San Francisco, CA (PRWEB) July 21, 2010
Working with the U.S. Navy Air Combat Electronics Program Office, the U.S. Army Aviation and Missile Research and Engineering Center and several leading defense industry avionics suppliers, The Open Group’s Collaboration Services team launched the official formation of The Open Group Future Airborne Capability Environment (FACE) Consortium. The new consortium will develop the standards for a common operating environment allowing a more dynamic extension of capabilities across avionics computer systems platforms.
The lack of common standards among aircraft systems has hindered interoperability while also increasing the cost and time required to develop, integrate and maintain these systems. In addition, the process of adding new mission capabilities is very expensive and slow. To solve this problem, the Navy engaged with The Open Group’s Collaboration Services team to manage the process of developing a standard open architecture to which the avionics industry can create new mission capabilities in the future.
“The Open Group’s Collaboration Services team has a solid track record of managing the development of standards and certification programs for the military industry through a proven consensus based process,” said Bob Matthews, PMA-209 Mission Systems Deputy. “They are the perfect partner to drive this process for FACE and a lot of initial progress has been made right out of the gate.”
At launch, the FACE Consortium already counts 13 founding members, including Lockheed Martin, NAVAIR, and Rockwell Collins, who are Sponsor members of the consortium. Principal member organizations include ATK, Boeing, CMC Electronics, Elbit Systems of America, General Dynamics, Green Hills Software, Harris Corporation, Northrop Grumman, Raytheon, and U.S. Army AMRDEC. The final open architecture and supporting standards created by the group will be adopted by the Army, Navy and possibly other service branches for future avionics capability procurements.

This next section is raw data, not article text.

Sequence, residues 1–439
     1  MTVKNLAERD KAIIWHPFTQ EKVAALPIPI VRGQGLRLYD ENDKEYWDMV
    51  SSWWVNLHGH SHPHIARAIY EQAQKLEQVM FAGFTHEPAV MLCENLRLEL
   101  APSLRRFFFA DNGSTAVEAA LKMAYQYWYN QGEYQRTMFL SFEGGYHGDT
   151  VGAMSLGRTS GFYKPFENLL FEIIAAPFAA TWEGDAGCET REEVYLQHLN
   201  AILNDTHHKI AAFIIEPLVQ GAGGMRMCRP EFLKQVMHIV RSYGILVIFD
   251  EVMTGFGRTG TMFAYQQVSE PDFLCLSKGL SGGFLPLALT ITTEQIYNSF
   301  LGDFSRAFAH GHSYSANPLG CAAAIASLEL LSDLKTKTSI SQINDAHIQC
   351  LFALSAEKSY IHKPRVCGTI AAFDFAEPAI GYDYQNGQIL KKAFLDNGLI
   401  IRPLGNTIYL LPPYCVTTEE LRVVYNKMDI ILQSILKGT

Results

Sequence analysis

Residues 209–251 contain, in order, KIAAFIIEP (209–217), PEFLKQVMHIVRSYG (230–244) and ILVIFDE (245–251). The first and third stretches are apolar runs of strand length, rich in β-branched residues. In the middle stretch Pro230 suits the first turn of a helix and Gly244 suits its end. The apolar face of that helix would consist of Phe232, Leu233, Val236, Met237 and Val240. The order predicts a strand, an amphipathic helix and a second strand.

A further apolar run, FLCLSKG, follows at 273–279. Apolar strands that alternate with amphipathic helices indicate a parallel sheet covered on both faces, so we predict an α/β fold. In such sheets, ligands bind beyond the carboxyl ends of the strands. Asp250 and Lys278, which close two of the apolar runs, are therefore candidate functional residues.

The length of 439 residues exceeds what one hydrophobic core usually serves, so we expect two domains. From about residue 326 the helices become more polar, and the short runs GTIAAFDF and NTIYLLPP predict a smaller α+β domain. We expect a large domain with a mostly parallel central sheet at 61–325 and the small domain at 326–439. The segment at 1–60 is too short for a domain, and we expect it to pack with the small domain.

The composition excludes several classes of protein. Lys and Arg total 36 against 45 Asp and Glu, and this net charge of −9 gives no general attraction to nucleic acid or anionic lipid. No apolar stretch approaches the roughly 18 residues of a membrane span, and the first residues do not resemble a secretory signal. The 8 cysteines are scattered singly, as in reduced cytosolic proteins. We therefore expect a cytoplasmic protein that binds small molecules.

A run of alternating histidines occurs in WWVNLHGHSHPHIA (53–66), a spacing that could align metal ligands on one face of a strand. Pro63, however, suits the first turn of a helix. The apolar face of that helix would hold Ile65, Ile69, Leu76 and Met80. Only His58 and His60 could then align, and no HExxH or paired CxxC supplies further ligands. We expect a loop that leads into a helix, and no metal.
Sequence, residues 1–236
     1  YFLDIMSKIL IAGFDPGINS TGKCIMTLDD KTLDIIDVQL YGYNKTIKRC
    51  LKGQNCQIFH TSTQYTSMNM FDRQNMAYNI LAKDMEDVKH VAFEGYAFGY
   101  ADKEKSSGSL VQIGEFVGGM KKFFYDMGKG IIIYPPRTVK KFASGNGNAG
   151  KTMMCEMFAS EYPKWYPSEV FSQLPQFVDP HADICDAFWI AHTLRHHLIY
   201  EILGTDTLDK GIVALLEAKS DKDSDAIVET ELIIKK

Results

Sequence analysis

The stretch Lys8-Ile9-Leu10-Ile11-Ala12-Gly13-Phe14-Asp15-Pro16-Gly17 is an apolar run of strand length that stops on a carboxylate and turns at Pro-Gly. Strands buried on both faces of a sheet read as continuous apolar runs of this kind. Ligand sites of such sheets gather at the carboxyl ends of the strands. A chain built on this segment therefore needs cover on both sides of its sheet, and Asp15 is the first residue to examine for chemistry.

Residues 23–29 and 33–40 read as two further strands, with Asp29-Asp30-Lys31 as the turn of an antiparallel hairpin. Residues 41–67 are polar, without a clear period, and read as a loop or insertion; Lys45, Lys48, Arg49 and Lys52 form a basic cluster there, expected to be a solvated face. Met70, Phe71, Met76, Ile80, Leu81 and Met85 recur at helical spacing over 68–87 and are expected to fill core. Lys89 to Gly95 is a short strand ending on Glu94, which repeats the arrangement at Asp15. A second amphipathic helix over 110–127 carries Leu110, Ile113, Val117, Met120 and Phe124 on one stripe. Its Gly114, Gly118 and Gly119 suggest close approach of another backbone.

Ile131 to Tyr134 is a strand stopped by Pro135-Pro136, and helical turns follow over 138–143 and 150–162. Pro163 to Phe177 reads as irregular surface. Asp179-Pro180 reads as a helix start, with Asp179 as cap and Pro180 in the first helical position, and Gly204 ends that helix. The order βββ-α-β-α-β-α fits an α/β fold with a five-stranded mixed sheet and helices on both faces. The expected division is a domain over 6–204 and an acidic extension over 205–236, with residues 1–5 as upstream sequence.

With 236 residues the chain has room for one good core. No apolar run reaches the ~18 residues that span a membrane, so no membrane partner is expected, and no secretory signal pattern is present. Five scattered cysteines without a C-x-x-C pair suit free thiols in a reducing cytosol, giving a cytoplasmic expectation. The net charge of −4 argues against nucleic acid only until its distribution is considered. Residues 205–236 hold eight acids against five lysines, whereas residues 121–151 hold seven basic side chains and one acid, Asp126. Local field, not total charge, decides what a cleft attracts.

“The problem we see over and over is how to deliver new capabilities to our warfighters fast,” said Capt. Ralph Portnoy, PMA-209 Program Manager. “Today’s mission system upgrades are very expensive, take a long time to complete, require extensive testing and the network implementations are often not interoperable. With FACE, we are looking to develop a modern processing environment that’s open, modular, portable, partitioned, expandable and secure.”
Some of the cost improvements expected for avionics systems include rapid insertion of new capabilities, less expensive cockpit upgrades and the alleviation of long lead times and extensive testing periods for new software upgrades.
Speaking on behalf of The Open Group, Allen Brown, President and CEO, said, “We’re very pleased to provide a forum where the Navy and defense industry can work together to develop open standards that make the Navy’s aircraft computing systems interoperable. Such public/private collaboration will also improve the security and safety of these systems for critical military operations.”
According to Dave Lounsbury, Vice President of Collaboration Services at the Open Group, “FACE has already received a tremendous amount of interest from the government, industry and academia. At last week’s kick-off meeting in Washington, DC, we had 52 attendees including representatives from the Navy, Army, and Air Force, and 11 industry organizations. We expect membership numbers to grow steadily as the news gets around and future meetings are planned.”